By John Shaughnessy
The Indianapolis Star
The young woman listens to her boyfriend's question. He wants to know how many relationships she has had with other men.
She knows he is asking because their relationship has turned serious. She also fears the number might bother him.
"I'm not going to say," she tells him. "They're in the past."
When he presses the point, she thinks, "Should I tell him? If I keep the secret, what will it do to our relationship?"
Anita Kelly shares that story to show the impact that secrets can have on our lives and the lives of others. The author of The Psychology of Secrets (Kluwer Academic Publishers; $75) also shares these insights about secrecy in our daily lives:
In 11 years, Kelly, a psychology professor at the University of Notre Dame, has interviewed hundreds of people, and only two said they didn't have any secrets.
The most common secrets are about sex, followed by mental health problems and failure, such as losing a job.
The juicier the secret, the more likely it is that people will reveal it.
The major reasons people give for keeping secrets are shame and embarrassment.
"Sometimes, it's too scary to let other people close to us," says Amy Barnes, a mental health counselor. "There's a lot of fear about how people would react if they knew our secrets."
Some secrets seem minor, such as not telling a spouse about a speeding ticket.
Other secrets carry more emotional weight, Barnes says, such as a parent who hasn't told a child he or she is adopted or a spouse having an affair.
Whether to keep a secret or share it is part of the debate.
One camp of counselors says confession is good for the soul, that relationships grow from openness.
Kelly agrees, to some extent. She also offers a counterargument: "We all have a fundamental need to belong. If everyone knew everything about us, a lot of us would be in trouble. To fit into a group, it makes sense that we hide things."
Denial is dangerous
The situation becomes more difficult when secrets are harmful and unhealthy.
"Secret bank accounts, cheating on your mate, lying to someone who believes in you or trusts you, those are unhealthy secrets," says Rick Sudsberry, a marriage and family counselor.
"Trust is the foundation for our psychological safety, and it's eroding in our society," Sudsberry says. "Extramarital affairs are a big area. I've had people go for a period of time denying everything."
Being in denial is a dangerous area involving secrets. Barnes mentions the alcoholic who tries to keep his drinking from his employer and his family.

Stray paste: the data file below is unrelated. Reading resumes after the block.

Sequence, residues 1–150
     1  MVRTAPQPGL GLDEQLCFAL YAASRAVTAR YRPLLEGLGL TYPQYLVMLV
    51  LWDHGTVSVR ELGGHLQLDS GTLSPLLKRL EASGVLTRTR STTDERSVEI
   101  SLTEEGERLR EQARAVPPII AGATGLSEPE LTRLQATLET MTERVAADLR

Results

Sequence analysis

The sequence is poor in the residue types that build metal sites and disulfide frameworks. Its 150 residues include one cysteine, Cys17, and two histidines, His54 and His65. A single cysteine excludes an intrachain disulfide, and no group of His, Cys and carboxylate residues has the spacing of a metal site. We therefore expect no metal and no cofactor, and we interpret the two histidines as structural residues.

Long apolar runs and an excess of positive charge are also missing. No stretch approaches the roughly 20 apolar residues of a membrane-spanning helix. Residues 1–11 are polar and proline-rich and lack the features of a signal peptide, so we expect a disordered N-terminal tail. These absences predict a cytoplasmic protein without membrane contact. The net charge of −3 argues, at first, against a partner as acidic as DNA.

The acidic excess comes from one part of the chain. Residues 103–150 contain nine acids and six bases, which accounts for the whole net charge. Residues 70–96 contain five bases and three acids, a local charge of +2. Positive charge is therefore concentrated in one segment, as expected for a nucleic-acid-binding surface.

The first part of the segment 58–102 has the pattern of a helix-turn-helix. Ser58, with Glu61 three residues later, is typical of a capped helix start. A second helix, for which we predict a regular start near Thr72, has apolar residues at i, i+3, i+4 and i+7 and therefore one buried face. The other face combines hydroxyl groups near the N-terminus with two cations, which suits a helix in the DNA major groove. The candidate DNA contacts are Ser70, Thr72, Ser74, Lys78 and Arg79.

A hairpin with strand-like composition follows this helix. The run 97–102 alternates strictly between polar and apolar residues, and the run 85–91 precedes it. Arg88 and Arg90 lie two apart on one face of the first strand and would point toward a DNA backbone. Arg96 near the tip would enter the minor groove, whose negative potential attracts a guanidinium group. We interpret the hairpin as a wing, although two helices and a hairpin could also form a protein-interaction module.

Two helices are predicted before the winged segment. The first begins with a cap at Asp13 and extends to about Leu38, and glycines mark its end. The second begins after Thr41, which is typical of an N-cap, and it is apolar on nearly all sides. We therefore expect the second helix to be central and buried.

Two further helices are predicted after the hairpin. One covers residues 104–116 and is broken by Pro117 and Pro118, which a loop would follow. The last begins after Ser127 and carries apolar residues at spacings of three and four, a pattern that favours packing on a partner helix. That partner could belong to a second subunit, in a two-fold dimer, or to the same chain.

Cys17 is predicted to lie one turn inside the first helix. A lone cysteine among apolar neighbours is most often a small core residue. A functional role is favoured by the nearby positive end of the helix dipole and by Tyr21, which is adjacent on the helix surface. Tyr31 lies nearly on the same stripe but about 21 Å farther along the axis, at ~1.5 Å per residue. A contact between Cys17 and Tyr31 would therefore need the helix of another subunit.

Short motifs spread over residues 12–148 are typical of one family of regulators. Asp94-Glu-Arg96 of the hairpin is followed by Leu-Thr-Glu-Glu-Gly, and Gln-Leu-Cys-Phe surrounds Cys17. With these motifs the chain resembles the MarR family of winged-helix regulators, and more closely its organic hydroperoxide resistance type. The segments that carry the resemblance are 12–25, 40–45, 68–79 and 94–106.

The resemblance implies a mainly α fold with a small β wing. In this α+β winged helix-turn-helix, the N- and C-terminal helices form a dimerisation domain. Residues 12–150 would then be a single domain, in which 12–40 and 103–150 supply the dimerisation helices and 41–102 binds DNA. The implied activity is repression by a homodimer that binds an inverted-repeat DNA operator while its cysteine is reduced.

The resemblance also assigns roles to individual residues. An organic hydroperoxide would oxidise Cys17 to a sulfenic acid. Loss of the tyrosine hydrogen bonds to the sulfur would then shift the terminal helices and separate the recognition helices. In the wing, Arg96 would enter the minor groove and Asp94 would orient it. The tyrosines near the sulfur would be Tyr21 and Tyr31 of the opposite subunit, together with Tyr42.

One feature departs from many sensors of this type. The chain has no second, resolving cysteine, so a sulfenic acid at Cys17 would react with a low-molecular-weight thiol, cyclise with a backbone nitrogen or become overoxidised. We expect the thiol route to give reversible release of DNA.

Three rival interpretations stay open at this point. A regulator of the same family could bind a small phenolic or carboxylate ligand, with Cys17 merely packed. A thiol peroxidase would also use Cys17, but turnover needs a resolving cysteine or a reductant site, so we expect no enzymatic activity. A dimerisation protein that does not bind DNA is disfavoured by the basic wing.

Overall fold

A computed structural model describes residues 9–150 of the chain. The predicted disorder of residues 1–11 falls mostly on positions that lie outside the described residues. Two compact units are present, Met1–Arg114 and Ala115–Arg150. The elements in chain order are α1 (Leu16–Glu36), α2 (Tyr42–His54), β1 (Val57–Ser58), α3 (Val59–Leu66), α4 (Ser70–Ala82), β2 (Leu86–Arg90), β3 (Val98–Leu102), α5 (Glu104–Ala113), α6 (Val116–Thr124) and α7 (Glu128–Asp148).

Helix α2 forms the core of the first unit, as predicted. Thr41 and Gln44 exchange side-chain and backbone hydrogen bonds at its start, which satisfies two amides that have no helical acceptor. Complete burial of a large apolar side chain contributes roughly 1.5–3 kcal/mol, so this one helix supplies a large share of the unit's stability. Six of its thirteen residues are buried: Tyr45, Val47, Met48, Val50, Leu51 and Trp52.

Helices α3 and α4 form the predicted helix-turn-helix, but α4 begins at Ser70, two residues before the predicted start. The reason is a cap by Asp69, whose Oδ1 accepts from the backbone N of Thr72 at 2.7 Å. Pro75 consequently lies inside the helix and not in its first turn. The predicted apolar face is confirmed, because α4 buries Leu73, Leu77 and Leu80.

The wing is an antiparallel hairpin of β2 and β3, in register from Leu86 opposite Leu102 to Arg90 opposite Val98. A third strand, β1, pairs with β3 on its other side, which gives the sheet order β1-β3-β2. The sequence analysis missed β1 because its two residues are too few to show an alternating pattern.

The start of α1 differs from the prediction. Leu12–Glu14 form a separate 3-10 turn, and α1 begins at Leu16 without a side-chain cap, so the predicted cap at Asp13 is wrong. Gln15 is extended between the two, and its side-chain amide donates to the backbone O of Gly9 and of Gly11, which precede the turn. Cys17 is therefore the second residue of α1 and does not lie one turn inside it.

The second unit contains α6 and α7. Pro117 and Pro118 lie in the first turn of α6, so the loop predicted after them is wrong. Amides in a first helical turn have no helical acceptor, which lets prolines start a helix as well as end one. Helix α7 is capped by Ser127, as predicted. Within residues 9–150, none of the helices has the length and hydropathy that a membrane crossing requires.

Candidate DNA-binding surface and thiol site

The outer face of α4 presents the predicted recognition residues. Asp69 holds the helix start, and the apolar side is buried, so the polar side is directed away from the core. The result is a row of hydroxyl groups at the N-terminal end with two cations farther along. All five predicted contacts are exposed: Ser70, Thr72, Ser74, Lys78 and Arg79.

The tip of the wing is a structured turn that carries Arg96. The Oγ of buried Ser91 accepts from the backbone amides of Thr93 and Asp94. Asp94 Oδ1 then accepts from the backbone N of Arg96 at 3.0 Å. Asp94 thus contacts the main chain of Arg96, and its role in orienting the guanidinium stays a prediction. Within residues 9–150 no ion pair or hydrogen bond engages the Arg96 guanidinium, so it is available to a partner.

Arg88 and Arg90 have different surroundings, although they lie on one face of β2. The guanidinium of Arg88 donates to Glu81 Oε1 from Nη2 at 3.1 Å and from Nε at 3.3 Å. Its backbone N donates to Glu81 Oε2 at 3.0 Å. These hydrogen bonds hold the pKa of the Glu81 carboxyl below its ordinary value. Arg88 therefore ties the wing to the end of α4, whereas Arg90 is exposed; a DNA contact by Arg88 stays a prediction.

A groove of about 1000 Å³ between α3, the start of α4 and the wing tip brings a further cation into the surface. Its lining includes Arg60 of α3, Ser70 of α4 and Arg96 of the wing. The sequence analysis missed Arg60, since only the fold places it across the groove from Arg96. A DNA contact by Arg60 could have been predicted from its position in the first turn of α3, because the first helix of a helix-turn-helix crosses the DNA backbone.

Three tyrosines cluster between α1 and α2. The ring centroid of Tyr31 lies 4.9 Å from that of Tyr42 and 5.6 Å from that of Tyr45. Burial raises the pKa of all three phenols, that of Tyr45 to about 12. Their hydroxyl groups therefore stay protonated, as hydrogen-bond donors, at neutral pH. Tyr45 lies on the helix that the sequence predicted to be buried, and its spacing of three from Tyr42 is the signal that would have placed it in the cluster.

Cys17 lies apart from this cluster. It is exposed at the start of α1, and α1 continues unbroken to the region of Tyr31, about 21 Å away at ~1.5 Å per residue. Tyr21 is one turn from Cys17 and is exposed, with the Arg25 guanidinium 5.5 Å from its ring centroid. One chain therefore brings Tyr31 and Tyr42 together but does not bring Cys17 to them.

"When you're hiding it, you're at the point where you need help," Barnes says. "If it's harming you or harming others, get help. If you're afraid to talk to someone like a spouse or a friend, that's when you need to see a therapist.
"Going on a television tell-it-all talk show is not a good way to share a secret with others."
Focus on big picture
The balance between personal reputations and personal relationships can be achieved in another way.
Kelly advises focusing on the larger, more meaningful issues.
The young woman whose boyfriend wanted to know how many previous relationships she's had might say that it's crude to talk numbers, Kelly says. She could say she's committed to this relationship.
"The point is, you have a right to keep things to yourself," Kelly says.
She also suggests avoiding situations that make secrets necessary:
"Imagine what would happen if people spent more time thinking, 'I could have this sexual affair and enjoy it now, but I'm going to have to live with this troubling secret for years to come.' If people thought about the consequences before they did something, I believe people would do fewer things that would require them to keep secrets."
To tell or not to tell?
Anita Kelly, author of The Psychology of Secrets, recommends answering these four questions to determine if you should keep a secret. If you answer "yes" to any, consider sharing the information.
Is the hidden information secret, as opposed to private?
"We all have things that are private, like personal hygiene," Kelly says. "But a secret is something we keep hidden from another person which you would expect the other person to know. Marital partners would expect to know about an extramarital affair."
Would your partner make a good confidant?
"A good confidant is discreet, nonjudgmental and nonrejecting," the author says. "If they have these qualities, sharing the secret should go well. If one of these is lacking, then you have to consider two other questions."
Do you think your partner will discover the secret?
"If you think they will, it's better for you to tell them," she says. "If you do, you may want to share the theme of your secret instead of the details. Talk about the larger issues involved."
Is the secret bothering you mentally or causing physical problems?
"If it's not, you don't have to share the secret," she says. "If it does, you can share the secret or end the relationship. Sometimes, when people feel the discovery of their secret is imminent, they're not willing to stay in the relationship because they fear their reputation will be damaged."
Should you share your secrets?
'Avow' merrily skims life's complications
Fun-raisers: 600 jazzed for arts education benefit
Accessories are her accents
Kraft: Style extra
Get to it!
in our 'Marry My Dad' poll
Coulter's 'Blindside' blends love, intrigue
Dialogue, narration drive police story
Page turners: What you are reading